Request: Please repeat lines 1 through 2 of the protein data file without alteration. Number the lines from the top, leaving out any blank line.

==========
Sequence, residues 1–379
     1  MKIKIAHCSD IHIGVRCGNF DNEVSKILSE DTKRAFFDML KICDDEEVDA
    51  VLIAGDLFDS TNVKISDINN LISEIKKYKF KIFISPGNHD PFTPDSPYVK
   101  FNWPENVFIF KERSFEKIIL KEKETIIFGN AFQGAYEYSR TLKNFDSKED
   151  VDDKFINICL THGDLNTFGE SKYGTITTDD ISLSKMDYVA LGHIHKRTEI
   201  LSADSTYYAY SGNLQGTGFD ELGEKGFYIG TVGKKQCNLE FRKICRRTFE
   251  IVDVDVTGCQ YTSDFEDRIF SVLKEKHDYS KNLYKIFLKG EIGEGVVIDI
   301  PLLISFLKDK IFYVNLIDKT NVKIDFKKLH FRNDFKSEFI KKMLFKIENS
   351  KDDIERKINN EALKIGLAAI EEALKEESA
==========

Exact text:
Sequence, residues 1–379
     1  MKIKIAHCSD IHIGVRCGNF DNEVSKILSE DTKRAFFDML KICDDEEVDA